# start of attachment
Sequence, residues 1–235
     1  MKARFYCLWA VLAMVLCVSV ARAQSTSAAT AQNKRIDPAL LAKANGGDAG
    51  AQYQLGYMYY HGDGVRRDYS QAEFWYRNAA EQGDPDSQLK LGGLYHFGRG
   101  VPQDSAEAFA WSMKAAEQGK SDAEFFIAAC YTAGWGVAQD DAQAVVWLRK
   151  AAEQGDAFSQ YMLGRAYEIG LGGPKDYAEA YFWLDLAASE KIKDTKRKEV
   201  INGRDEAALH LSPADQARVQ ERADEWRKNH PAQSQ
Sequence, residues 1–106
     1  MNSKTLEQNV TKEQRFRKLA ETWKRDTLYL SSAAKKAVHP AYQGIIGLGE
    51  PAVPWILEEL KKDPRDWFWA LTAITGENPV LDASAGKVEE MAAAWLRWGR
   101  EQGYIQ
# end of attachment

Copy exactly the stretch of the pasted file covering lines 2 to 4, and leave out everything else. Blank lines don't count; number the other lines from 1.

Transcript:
     1  MKARFYCLWA VLAMVLCVSV ARAQSTSAAT AQNKRIDPAL LAKANGGDAG
    51  AQYQLGYMYY HGDGVRRDYS QAEFWYRNAA EQGDPDSQLK LGGLYHFGRG
   101  VPQDSAEAFA WSMKAAEQGK SDAEFFIAAC YTAGWGVAQD DAQAVVWLRK